Small H2O line running up woodburing stove exhaust?
I have a free standing wood burning stove (recently cleaned and inspected and meets code). The pipe that the smoke exits the house goes up and into the wall; once in the wall the pipe travels out of the house out of sight through a rectangular framed area about 2x3feet in size (the furnace exhaust also travels through this framed area.
There were speaker wires running through this rectangular framed area; so I used these old speaker wires to pull a small clear plastic water line (the type you use to hook up your humidifier) through so that I had a water line beside my fish tank in the loft.
We have not been using the wood stove since I ran this waterline, but since we are going to start using the stove I thought I would get opinions regarding having this water line in the same framed area as the wood stove pipe.
I think the water line runs through the holes in the metal spacers that keep the wood stove pipe away from the walls and framing.
Is this a really bad idea? I know it might seem obvious that this is a bad idea but I also think the space between the water line and the stove pipe would mean there is not enough heat build up to melt/damage this water line.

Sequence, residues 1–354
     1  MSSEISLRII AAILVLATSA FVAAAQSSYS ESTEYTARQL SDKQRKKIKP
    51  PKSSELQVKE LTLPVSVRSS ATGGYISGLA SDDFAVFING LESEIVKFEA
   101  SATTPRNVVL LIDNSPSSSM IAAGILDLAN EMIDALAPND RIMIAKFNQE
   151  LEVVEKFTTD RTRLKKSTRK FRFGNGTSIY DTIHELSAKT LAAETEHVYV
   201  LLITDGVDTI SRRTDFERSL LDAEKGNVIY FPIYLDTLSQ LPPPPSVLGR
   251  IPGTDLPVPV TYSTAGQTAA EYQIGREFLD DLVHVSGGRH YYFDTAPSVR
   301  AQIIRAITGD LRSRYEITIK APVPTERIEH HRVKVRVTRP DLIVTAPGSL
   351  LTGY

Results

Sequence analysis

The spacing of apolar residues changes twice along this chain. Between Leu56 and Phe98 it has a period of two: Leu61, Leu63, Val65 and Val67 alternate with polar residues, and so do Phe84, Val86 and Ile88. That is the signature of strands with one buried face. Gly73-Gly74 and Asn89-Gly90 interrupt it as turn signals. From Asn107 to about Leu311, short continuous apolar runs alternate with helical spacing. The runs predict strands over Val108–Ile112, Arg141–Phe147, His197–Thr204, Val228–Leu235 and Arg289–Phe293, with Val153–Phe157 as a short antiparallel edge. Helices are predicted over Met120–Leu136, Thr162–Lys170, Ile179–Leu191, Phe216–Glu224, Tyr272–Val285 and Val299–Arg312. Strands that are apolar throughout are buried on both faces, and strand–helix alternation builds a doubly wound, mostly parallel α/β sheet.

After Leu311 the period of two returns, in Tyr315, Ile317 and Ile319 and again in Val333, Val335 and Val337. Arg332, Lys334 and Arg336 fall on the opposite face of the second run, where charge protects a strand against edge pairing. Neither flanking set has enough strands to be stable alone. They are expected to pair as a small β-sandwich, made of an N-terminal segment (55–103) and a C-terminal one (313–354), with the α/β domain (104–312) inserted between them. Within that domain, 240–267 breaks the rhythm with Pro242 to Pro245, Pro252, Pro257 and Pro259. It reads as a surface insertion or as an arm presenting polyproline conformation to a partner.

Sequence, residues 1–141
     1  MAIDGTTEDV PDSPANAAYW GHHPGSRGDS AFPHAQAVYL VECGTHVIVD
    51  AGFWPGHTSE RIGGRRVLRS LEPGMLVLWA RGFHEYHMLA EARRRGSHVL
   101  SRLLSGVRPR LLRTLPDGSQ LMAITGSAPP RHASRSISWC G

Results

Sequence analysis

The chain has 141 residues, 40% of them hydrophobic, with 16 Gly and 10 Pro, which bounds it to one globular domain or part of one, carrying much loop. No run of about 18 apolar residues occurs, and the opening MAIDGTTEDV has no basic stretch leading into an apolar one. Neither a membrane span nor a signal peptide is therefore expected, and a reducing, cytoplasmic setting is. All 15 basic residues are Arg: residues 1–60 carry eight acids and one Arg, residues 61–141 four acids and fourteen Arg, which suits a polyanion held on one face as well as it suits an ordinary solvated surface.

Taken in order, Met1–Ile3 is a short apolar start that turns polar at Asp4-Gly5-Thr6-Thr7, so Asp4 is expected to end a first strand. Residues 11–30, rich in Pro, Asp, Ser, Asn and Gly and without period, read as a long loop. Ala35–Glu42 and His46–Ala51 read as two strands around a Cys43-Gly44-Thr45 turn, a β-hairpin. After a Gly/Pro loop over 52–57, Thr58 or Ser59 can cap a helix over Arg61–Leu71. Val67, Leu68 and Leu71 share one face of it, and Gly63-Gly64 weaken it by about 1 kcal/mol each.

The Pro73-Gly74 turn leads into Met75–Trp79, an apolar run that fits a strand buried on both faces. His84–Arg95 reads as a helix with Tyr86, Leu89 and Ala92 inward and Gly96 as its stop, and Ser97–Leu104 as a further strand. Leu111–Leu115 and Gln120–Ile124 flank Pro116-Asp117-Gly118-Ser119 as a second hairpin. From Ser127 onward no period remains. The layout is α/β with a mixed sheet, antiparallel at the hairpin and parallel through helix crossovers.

I hope all this is clear, it is not easy to describe; I can post pics if that helps. Any input would be appreciated.
The only part that needs addressing at this point -if the stove was preexisting and it was inspected as code compliant- is the water line. If you had a copper or aluminum or steel line passing through that cavity, no one would notice, but a plastic line? The spacers, as you call them, are thimbles meant to disipate the heat from your wood stove flue to help keep the wood structure of your home from scorching or igniting. The thimbles do sometimes have holes in them, but those are for the passage of air, not electrical wires or combustible tubing. You would be better off moving the water line to another spot outside of the woodstove flue chase.
Regardless I will move the water line.
Its the radiant heat that would be your main concern. The radiant heat from the stack will give off ultra violet radiation that can make most plastic tubing turn brittle and leak water.
In the HVAC trade we have access to Ultra violet proof plastic tubing for condensate removal to the outside. Just thought this extra tidbit might be useful to know.
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